XStream [2]. As an extension, local TC and CC could be explored. References: [1] C. Seshadhri, A. Pinar, and T. G. Kolda.
Triadic measures on graphs: the power of
wedge sampling. CoRR, abs/1202.5230, 2013. [2] Amitabha Roy, Ivo Mihailovic, Willy Zwaenepoel:
XStream: Edgecentric Graph Processing using Streaming Partitions.
SOSP 2013.
3. Graph Compression Originator/Supervisor:
Eiko Yoneki
(with Weixiong Rao) Keywords: Graph Compression This project explores graph compression mechanisms as
part of a project looking into high performance semiexternal memory graph
processing (see [1] to get an idea of semiexternal memory approaches). The
graph compression work will build on an inhouse graph representation format
that we have developed that allows succinct representation of graphs that show
hierarchical structures. The project will explore ways to improve the
representation yielding smaller graphs on disk that are less costly to traverse.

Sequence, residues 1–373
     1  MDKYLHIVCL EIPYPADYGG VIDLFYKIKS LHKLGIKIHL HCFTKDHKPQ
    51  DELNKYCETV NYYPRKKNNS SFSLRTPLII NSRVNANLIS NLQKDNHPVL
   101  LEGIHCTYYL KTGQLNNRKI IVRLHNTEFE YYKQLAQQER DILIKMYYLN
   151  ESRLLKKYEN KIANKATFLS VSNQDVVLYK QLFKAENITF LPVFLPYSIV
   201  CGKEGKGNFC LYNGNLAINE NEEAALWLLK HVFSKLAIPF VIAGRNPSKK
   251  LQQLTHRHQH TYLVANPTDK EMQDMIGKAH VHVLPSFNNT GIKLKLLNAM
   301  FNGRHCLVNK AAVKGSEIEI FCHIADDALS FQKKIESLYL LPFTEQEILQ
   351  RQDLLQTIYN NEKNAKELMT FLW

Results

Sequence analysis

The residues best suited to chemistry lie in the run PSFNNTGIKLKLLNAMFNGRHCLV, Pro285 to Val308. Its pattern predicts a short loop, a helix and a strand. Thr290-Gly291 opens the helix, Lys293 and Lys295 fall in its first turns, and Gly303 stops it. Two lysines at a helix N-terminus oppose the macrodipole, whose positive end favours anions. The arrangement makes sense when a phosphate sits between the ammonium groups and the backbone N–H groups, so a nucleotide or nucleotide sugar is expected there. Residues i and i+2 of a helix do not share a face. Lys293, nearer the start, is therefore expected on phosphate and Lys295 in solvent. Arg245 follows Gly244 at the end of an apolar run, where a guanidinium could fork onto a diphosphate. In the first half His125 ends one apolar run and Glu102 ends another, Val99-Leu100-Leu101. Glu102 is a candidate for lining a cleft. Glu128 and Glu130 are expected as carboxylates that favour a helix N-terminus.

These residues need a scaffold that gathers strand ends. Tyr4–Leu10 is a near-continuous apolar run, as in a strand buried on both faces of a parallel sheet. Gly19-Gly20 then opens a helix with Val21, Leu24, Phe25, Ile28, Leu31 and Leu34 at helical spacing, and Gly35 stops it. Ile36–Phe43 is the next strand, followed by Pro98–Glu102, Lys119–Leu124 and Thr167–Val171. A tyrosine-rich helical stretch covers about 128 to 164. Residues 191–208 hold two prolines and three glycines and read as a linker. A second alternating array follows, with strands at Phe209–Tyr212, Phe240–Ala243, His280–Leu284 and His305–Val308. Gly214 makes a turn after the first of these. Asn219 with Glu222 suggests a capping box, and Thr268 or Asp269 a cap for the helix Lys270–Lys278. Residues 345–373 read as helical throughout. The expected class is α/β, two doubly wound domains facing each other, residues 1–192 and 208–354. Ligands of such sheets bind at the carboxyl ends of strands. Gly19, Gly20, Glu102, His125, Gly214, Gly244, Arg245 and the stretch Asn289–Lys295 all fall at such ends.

A key element of the representation scheme is a recursive graph partitioning
step that minimises the number of edges between partitions. This is a rich space
for exploration of suitable algorithms. We are concerned primarily with
experimentally evaluating I/O costs on large graphs and measuring the
compression performance. However a student with a theoretical background might
consider designing algorithms with provable bounds on compression performance,
which would be a big plus. If time allows you could also implement an efficient
transformation tool based on the developed graph compression algorithm using
parallel processing tools (e.g. map/reduce). References: [1] R. Pearce, M. Gokhale and N. Amato:
Multithreaded Asynchronous Graph